Putin does not rule out war in Europe, but says he hopes to avoid it

15 February, 06:25 PM
Russian President Vladimir Putin (Photo:Thibault Camus/Pool via REUTERS/File Photo)

Russian President Vladimir Putin (Photo:Thibault Camus/Pool via REUTERS/File Photo)

At a press conference in Moscow with German Chancellor Olaf Scholz and Russian President Vladimir Putin on Tuesday, Feb. 15, journalists asked the Russian president twice whether there would be a war in Europe.

Putin was also asked if he could rule out an offensive on Ukraine. Here is how Putin answered:

With regard to the war in Europe. The Federal Chancellor has just said that people of his generation (and I belong to his generation) can hardly imagine any kind of war in Europe. And this is said, of course, in relation to the situation around Ukraine. But you and I were witnesses of the war in Europe unleashed by the NATO bloc against Yugoslavia.

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A major military operation with rocket and bomb strikes on a European capital – Belgrade. Did this not happen? And without the sanction of the United Nations Security Council. This is a very bad example, but it’s (a fact).

 Secondly. Whether we want (war) or not. Of course not. That is why we put forward a proposal for a negotiation process, the result of which should be an agreement on ensuring equal security for all, including our country. Unfortunately, (and we have already spoken about this) we have not received a substantive, constructive response to the proposals we made.

Nevertheless, we’re building on the fact that even in the documents that were sent to us by our partners from NATO and from Washington, there are some elements that can be discussed. But we’re ready to do this only in conjunction with those fundamental issues that are of paramount importance to us.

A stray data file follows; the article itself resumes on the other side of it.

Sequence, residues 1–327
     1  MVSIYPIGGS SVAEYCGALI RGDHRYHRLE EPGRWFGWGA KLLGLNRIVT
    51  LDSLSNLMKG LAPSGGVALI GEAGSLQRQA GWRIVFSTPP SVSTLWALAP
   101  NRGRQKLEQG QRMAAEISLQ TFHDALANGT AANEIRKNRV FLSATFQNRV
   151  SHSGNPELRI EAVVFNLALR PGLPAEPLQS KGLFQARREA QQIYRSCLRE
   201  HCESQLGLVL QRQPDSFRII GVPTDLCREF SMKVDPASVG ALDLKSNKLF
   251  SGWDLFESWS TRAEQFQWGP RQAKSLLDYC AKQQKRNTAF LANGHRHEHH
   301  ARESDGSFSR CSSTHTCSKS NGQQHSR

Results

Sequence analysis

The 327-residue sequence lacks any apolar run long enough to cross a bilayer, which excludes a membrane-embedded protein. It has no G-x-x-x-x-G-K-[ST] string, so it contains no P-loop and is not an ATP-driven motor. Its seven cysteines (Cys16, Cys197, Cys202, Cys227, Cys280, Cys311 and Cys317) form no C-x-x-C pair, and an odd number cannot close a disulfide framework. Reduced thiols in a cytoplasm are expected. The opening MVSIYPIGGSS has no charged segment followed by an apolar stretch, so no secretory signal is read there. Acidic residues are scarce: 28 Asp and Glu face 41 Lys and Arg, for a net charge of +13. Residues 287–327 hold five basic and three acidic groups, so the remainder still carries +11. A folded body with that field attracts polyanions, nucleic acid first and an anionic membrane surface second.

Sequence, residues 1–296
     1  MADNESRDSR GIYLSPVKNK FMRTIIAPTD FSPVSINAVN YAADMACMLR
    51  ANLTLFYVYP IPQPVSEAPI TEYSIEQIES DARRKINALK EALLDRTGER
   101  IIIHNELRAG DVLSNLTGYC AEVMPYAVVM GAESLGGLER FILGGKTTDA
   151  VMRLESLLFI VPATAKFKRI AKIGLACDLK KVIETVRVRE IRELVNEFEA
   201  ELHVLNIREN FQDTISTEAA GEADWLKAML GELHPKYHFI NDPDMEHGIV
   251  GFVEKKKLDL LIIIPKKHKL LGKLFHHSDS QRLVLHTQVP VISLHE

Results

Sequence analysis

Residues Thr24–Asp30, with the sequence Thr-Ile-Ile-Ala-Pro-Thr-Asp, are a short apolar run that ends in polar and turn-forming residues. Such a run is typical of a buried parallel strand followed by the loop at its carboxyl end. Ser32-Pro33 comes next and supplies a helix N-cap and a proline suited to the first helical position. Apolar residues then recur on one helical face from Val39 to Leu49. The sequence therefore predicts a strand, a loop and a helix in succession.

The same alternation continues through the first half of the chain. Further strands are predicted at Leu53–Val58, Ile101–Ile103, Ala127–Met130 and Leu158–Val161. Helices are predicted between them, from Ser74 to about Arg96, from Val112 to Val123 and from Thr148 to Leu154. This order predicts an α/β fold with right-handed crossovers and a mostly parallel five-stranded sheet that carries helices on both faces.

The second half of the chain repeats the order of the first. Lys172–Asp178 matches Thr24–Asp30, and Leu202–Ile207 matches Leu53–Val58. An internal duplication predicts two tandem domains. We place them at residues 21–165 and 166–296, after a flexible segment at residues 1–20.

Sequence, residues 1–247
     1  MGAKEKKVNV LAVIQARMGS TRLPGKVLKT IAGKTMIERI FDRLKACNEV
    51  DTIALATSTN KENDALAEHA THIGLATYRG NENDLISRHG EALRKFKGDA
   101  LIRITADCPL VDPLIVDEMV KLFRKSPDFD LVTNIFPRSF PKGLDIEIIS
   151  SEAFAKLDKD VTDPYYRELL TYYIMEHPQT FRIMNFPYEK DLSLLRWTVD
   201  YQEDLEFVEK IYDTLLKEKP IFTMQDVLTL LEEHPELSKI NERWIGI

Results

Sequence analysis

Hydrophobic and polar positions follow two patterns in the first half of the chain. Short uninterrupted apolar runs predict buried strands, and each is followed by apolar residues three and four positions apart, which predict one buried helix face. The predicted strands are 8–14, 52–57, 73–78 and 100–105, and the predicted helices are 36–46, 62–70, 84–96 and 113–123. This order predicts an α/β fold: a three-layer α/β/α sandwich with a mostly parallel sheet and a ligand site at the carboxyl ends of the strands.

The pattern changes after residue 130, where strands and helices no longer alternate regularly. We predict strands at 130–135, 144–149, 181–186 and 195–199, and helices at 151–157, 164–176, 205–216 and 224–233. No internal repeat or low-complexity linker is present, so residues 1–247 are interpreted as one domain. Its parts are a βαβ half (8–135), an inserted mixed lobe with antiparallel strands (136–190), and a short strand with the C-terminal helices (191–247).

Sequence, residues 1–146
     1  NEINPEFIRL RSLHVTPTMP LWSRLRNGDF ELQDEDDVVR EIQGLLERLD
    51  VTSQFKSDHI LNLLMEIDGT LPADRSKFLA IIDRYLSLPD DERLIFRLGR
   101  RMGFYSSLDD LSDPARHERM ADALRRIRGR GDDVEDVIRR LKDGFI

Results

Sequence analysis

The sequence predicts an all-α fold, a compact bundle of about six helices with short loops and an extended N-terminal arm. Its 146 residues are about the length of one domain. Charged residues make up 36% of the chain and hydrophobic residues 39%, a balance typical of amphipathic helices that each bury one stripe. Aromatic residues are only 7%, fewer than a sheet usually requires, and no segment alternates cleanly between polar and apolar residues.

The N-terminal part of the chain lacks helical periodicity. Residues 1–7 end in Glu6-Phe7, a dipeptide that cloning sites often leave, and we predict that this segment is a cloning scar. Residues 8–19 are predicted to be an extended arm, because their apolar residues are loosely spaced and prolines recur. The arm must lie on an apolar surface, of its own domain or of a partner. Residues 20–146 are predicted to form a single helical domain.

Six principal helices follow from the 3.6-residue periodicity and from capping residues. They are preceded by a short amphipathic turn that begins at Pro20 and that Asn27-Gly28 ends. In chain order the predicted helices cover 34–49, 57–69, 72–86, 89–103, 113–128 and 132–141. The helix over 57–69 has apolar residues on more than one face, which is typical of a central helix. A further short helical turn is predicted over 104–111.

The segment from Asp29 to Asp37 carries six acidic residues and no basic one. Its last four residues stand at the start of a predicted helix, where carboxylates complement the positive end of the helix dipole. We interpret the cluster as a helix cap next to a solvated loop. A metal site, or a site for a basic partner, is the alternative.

We hope, and I told the Federal Chancellor today about this, that the dialogue will develop in this way. And depending on how it develops, the situation will develop on all the other tracks that worry you and us. And we are as worried as you, I assure you.

 As for how Russia will act next? According to plan. What will this consist of? It depends on the situation on the ground. Who can answer how the real situation will develop? So far no one. It doesn’t just depend on us.

But we intend, and will strive, to reach an agreement with our partners on the issues that we have raised in order to resolve them through diplomacy. (We have made it very clear what those are).

With regard to ensuring Russia's security: (these issues are) are the non-expansion of NATO, the return of the bloc's military infrastructure to where it was in 1997, and the non-deployment of combat strike systems near our borders. Everything, in my opinion, is crystal clear. We are ready to speak on other issues that are contained in the response we received, but in conjunction with what is of paramount value and importance for us.

Now concerning the expansion of NATO. So you said: "It is said that in the coming years Ukraine will not join NATO." What does "it is said" mean? Well, you and I must understand what “it is said” means in interstate relations. We have been “told” for 30 years that there will be no NATO expansion at all, not one inch toward the Russian borders. Yet today we see NATO infrastructure right outside our house.

Moreover, the issue of Ukraine's accession to NATO is being discussed. They say it won't happen tomorrow. But when? The day after tomorrow? And what does this change for us in a historical perspective? Absolutely nothing. We hear that Ukraine today is not ready to join NATO.

We know this narrative. And then they say that they won't accept it tomorrow. But will they accept it when it is prepared for this? Then for us it may be too late. So we want to resolve this issue now. Right now, in the near future, during the negotiation process. By peaceful means. We proceed from this and very much hope that our concerns will be heard and taken seriously by our partners.

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